Vegetated coastlines, including seagrass, mangroves, and salt marshes, are valued for their capacity to sequester and store large amounts of organic carbon in their soils.

However, coastal habitats are degrading globally, raising fears that blue carbon habitats could largely disappear by the end of this century unless significant protection and restoration efforts are enacted.

The widespread conversion of Scotland’s saltmarshes to agricultural and development land, especially during the 18th and 19th centuries, together with more recent acceleration of sea-level rise, places this important coastal habitat under extreme pressures.

Key findings
  • There is significant potential for managed realignment in Scotland. 
  • However, the rates at which additional carbon stores are accumulating are not clear at these sites nor is their potential to contribute GHG emissions back to the atmosphere.
  • We found evidence supporting a perceived growing threat of rising sea-levels, particularly associated with the potential loss of saltmarsh area, and associated soil carbon.
  • Managed realignment and the creation of new saltmarsh offers a net gain at most sites over the existing saltmarsh area.
  • The lower saltmarsh edge only extends down to the mean high water neap level in a few cases. This means local monitoring of vegetation in relation to tidal variation prior to restoration is needed to model future marsh extent. 
  • To fully assess marsh vulnerability to relative sea-level rise, evidence suggests inclusion of high-tide levels.

It is still not possible to estimate the time taken for a managed realignment site to reach a stable state with natural rates of carbon sequestration. The approach taken in this study to estimate potential blue carbon gains assumes that the realigned saltmarsh will reach a state where it buries and stores organic carbon in a similar way to a natural saltmarsh but does not include this time-dependent process.

Detailed monitoring of existing restored sites across Scotland would improve our understanding of the additional blue carbon gains in soil profiles at these sites, and to also understand the extent of any losses, including GHG emissions, over periods of time.  

blog link

Read a blog about a conference poster developed as part of this project 

Read a blog about a poster developed as part of this project

Academic posters are a valuable way to communicate research clearly and compellingly. CXC researcher Alex Houston describes creating a prize-winning conference poster, drawing on findings from our blue carbon project.

I was excited to present a poster at November’s Blue Carbon: Beyond the Inventory conference – and even happier when it won the ‘best poster’ competition. The event – my first in-person conference, having only started my PhD two months ago – was organised by the Scottish Blue Carbon Forum, Marine Scotland and the University of St. Andrews and hosted by the Royal Society of Edinburgh.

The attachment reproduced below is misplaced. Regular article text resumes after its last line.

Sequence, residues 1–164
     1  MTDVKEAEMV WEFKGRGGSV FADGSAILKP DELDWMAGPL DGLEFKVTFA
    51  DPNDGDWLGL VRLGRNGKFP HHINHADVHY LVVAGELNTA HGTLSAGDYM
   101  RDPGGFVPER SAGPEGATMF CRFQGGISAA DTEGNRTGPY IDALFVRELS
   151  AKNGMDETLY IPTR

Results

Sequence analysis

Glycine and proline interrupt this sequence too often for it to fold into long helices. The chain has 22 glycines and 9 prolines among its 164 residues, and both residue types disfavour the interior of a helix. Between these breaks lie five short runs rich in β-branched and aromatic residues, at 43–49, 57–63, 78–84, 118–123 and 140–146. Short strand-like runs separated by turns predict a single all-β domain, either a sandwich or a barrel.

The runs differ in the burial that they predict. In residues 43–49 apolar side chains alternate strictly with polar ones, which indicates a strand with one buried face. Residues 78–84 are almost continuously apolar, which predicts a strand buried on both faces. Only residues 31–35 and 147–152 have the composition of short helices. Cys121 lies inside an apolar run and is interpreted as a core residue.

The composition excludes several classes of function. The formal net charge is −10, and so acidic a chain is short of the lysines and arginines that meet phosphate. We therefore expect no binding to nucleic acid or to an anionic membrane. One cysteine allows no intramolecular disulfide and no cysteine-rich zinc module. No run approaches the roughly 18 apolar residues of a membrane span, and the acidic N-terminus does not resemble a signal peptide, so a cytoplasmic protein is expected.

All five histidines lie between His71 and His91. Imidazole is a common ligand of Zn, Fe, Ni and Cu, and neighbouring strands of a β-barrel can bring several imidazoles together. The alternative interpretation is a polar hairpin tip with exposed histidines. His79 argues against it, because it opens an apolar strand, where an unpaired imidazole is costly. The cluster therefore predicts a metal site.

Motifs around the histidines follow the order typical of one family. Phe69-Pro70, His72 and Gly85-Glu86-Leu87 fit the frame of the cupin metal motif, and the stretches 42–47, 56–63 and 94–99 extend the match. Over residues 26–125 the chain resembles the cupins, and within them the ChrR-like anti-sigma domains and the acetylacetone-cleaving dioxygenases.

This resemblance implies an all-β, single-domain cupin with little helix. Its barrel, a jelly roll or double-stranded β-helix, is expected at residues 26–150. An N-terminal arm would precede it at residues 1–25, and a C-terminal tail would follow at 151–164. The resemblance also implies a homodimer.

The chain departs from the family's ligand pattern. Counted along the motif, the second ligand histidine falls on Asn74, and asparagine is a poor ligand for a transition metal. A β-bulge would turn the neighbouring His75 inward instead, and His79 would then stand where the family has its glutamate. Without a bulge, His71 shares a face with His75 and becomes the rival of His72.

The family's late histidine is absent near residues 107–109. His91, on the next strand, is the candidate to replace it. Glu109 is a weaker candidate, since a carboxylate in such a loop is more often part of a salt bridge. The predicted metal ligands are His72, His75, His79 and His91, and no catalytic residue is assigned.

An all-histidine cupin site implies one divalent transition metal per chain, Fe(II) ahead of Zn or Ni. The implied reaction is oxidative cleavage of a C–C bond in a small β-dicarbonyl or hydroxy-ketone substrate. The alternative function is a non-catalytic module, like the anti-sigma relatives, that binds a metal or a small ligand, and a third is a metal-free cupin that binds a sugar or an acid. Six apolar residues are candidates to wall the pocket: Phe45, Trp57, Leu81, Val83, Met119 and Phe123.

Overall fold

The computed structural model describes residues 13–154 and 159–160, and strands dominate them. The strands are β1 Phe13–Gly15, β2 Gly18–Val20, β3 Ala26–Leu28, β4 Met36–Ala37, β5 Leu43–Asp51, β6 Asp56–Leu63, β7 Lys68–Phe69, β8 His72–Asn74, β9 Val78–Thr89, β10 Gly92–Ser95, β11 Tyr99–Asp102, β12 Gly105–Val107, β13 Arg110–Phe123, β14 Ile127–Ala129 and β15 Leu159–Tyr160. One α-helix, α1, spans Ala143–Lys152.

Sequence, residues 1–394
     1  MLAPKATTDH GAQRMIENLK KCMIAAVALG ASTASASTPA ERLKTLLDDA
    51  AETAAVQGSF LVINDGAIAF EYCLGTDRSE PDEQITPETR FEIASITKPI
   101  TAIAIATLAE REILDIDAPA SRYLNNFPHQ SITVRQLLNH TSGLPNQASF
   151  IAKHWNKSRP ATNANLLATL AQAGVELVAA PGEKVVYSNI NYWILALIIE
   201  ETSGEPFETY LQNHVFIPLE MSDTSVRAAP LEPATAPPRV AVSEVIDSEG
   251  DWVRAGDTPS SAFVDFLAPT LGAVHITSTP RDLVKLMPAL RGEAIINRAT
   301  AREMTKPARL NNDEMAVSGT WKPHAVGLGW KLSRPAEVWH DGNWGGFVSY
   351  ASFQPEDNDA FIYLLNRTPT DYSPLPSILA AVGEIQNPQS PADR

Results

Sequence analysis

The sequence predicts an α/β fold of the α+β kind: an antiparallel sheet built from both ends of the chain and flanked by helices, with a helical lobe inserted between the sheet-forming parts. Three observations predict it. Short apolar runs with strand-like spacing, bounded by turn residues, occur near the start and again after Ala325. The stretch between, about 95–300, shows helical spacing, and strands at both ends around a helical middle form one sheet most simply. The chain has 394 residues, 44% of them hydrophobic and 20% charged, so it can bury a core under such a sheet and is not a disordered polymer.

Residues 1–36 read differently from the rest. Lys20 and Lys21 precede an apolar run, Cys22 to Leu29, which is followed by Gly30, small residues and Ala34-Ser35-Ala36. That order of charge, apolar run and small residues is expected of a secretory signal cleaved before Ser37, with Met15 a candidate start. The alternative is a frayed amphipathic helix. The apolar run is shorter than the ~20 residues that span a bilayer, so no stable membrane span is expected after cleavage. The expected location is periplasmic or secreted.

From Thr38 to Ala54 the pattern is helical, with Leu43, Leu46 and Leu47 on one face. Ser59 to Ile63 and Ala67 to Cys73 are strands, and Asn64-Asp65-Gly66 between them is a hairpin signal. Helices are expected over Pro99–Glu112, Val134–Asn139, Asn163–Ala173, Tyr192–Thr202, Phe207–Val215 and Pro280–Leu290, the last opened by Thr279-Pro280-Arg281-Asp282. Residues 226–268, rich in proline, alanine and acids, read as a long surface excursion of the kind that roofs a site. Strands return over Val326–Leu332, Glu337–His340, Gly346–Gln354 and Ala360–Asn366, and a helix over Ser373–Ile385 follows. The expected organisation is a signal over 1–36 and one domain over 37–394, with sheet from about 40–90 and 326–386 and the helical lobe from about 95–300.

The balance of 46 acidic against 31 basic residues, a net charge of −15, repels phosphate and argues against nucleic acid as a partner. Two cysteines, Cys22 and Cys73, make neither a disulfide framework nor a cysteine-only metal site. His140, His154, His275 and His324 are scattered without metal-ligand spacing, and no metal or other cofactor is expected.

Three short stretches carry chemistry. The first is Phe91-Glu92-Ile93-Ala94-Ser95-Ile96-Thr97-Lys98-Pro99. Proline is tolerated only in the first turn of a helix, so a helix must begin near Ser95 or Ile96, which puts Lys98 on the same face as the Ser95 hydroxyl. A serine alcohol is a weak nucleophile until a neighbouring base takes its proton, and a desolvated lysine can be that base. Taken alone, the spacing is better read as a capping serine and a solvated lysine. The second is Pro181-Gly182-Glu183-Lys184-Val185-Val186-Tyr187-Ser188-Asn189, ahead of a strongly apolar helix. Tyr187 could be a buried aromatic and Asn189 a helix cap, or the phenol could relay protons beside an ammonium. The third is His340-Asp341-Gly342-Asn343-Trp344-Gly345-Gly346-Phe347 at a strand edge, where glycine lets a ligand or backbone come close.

Designed to be accessible to non-experts, the poster was developed as a summary of the literature review which I carried out for an ongoing CXC project – ‘Blue carbon potential of Scottish intertidal wetlands and the implications of sea-level rise: policy brief’. The project’s first output, it reviews the evidence for implementing ‘managed realignment’ in Scotland to create more blue carbon stores.

Managed realignment is the process of either removing all or part of a sea wall to allow tidal flows to enter a previously restricted area. This can allow intertidal habitats such as saltmarshes to be (re)created. Saltmarshes are valuable habitats which form in sheltered coastal environments, supporting unique biodiversity, and reducing coastal flood risk. They can sequester carbon at rates much faster than terrestrial forests, and for much longer periods.

It was a challenge to sift through the research material and decide what to include – to get over the key points without overcrowding the poster. I also had to use accessible language and to describe sometimes complex processes with non-technical terms. The judges liked how it looked visually, said it had a good flow and that it was clear for non-experts such as policy makers – great to hear.

As for presenting the poster, it was a challenge to get into the mindset that I was the expert on the subject area (as I had spent time working on it) when speaking to more experienced researchers and professionals about it. I was quite nervous initially as it was my first time presenting a poster in person – it feels much more exposed than presenting online.

Emissions reductions

The conference was a fantastic learning experience, also giving me the opportunity to hear about many aspects of marine and coastal science, from a range of perspectives, and to identify the next steps for blue carbon research. I particularly enjoyed the keynote presentation given by Prof. Patrick Megonigal, ‘Blue Methane: Challenges and Opportunities Posed by Methane Emissions for Blue Carbon Accounting’. It highlighted how the emissions aspect of blue carbon research is often neglected despite the importance of avoiding over-accounting of emissions reductions.

While our CXC research comes at a time of increasing interest, from both public and private bodies, in using carbon credits from saltmarshes to offset emissions, it is important to acknowledge that increasing blue carbon stores cannot replace significant and rapid emissions reductions. Rather, they can offset any remaining emissions from sectors such as agriculture.

Contributing to the CXC project and attending the conference have provided an excellent start to my PhD journey. I am looking forward to seeing where it takes me!